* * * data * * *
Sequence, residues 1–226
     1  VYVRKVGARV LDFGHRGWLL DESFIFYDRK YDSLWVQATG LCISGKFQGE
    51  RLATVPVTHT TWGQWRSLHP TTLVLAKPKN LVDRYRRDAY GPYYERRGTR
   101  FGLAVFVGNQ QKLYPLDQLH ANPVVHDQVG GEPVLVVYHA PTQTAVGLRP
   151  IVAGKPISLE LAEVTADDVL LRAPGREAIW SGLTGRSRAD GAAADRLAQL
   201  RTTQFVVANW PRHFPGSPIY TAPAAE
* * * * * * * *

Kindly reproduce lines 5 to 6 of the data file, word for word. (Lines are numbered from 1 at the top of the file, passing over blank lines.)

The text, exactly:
   151  IVAGKPISLE LAEVTADDVL LRAPGREAIW SGLTGRSRAD GAAADRLAQL
   201  RTTQFVVANW PRHFPGSPIY TAPAAE